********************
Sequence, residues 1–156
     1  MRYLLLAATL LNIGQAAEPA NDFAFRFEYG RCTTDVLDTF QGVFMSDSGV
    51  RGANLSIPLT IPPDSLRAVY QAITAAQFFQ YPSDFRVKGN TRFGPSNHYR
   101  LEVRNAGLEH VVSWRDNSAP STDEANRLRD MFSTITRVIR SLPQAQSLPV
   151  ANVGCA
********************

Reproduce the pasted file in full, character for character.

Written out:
Sequence, residues 1–156
     1  MRYLLLAATL LNIGQAAEPA NDFAFRFEYG RCTTDVLDTF QGVFMSDSGV
    51  RGANLSIPLT IPPDSLRAVY QAITAAQFFQ YPSDFRVKGN TRFGPSNHYR
   101  LEVRNAGLEH VVSWRDNSAP STDEANRLRD MFSTITRVIR SLPQAQSLPV
   151  ANVGCA